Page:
Johnny Nicholas & Friends, |
Too Many Bad Habits
Too Many Bad Habits' two discs resurrect decades-old recordings by Rhode Island-born, Texas-based guitarist Johnny Nicholas. The first of the CDs is remastered from a 1977 Blind Pig album, long out of print; the second revives unreleased, also remastered, studio material from the same period. In 2016, after long prodding, Nicholas persuaded the label to release Habits and related recordings to him. He has now issued them himself.
From the beginning to the present (see my review of his Fresh Air in this space on 22 October 2016) Nicholas has seen blues not, as do many of his contemporaries, as an "authentic" first draft of rock 'n' roll but as a unique form that evolved organically out of the larger American tradition of folk and vernacular sound. It ought to be addressed, respected and informed on its own terms. That still leaves plenty of room for creative interpretation, as the country and mid-century electric blues masters who serve as Nicholas's inspiration knew well, but there is never any doubt in these grooves what the roots are and in what soil they're planted.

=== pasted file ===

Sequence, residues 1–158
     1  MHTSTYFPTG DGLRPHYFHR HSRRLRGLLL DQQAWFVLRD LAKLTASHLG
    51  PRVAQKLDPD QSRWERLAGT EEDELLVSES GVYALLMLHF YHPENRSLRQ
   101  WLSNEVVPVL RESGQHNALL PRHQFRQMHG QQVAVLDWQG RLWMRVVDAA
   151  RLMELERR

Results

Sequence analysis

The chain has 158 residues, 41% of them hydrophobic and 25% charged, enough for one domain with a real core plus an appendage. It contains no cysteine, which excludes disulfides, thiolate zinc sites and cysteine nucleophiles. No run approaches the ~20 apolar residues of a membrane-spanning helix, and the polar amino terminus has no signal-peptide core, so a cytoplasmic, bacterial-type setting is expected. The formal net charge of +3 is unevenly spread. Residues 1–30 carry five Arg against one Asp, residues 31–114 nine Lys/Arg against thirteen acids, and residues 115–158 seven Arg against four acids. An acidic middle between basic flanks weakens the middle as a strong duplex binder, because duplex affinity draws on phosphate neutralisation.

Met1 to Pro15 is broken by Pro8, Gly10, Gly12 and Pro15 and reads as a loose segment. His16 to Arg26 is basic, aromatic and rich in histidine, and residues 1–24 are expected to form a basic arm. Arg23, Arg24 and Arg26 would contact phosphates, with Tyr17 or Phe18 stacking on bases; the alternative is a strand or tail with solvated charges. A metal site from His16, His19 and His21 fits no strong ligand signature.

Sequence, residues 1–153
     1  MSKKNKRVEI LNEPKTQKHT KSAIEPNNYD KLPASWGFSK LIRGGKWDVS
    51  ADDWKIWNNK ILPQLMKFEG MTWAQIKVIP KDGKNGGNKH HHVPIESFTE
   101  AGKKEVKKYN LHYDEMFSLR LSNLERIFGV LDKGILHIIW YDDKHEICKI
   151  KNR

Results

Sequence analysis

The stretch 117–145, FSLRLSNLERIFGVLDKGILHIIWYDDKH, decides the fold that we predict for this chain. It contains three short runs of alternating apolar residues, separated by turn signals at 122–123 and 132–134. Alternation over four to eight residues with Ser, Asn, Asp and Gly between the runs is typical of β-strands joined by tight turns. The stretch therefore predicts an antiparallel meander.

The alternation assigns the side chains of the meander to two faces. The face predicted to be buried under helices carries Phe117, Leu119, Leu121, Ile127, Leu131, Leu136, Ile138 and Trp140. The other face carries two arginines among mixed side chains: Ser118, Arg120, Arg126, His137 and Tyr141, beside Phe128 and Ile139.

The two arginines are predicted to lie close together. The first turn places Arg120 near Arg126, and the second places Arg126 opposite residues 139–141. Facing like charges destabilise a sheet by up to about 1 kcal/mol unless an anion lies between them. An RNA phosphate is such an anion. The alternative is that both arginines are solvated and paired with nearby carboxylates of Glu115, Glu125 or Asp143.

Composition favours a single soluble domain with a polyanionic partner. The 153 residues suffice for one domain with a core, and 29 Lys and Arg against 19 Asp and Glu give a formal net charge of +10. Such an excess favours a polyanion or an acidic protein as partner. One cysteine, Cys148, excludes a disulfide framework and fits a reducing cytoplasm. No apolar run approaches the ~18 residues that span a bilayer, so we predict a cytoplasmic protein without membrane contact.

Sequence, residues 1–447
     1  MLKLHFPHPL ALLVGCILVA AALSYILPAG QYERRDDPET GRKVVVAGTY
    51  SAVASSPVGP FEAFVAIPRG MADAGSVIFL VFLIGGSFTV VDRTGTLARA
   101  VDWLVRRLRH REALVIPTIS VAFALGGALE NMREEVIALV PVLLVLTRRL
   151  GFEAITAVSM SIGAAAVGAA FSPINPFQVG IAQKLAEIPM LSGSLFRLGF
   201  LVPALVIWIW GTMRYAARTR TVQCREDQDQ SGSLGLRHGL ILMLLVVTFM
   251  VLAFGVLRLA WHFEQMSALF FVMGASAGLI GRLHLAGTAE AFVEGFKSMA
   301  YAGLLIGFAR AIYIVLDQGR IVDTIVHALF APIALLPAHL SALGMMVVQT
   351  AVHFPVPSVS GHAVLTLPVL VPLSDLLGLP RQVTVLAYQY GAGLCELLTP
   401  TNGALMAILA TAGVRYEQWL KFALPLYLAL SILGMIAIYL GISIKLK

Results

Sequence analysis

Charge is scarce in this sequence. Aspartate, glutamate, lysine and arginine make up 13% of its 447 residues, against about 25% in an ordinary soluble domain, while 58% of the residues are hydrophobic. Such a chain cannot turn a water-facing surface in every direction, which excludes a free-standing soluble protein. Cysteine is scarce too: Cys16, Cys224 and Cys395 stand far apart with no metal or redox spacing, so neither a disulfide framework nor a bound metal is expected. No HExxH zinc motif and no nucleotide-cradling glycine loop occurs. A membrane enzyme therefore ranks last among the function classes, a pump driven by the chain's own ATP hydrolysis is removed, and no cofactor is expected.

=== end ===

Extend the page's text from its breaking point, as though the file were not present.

Joining him on some of the cuts are blues giants Big Walter Horton (harmonica), Boogie Woogie Red (piano) and Johnny Shines (guitar), contemporaries of Robert Johnson, Muddy Waters or both. (Having long deemed Shines among the most underrated artists in blues, I felt a measure of vindication the other day when my eyes fell upon genre authority Peter Guralnick's characterization of him as "the great.") Though the older (and, it must be said, black) performers are clearly the more seasoned, the young (and, yes, white) Nicholas feels at ease in their company. I'm pretty sure that in those shoes I wouldn't.
Nicholas's originals blend easily with compositions by Horton, Shines, Arthur Crudup, Tommy Johnson, Jimmy Rogers, Robert Johnson and tradition. The acoustic folk-blues original "Lonesome Traveler" could pass as an early hillbilly side, from the likes of Jimmie Rodgers (not to be confused with Muddy Waters bandmate Jimmy Rogers) or Cliff Carlisle. Having played it with Asleep at the Wheel and Commander Cody, Nicholas knew (and I'm sure still knows) something about country in its formative years. There is also a splendid reading of Rogers's "Money, Marbles & Chalk" (not be confused with the Reno & Smiley bluegrass tune) with Shines and Horton providing backup along with drummer Martin Gross.
Among the elements that go into making these two discs so pleasurable is their relaxed, unforced quality. Nicholas and associates deliver the blues, in Mississippi Fred McDowell's famous phrase, straight and natural, which is as it should be. Besides doing wonders for your mood, Habits will have you coming back for more. And in the course of those repeat encounters, you'll be reminded that, as true blues is wont to do, it sounds simple only if you're not paying attention.
music review by
13 January 2018
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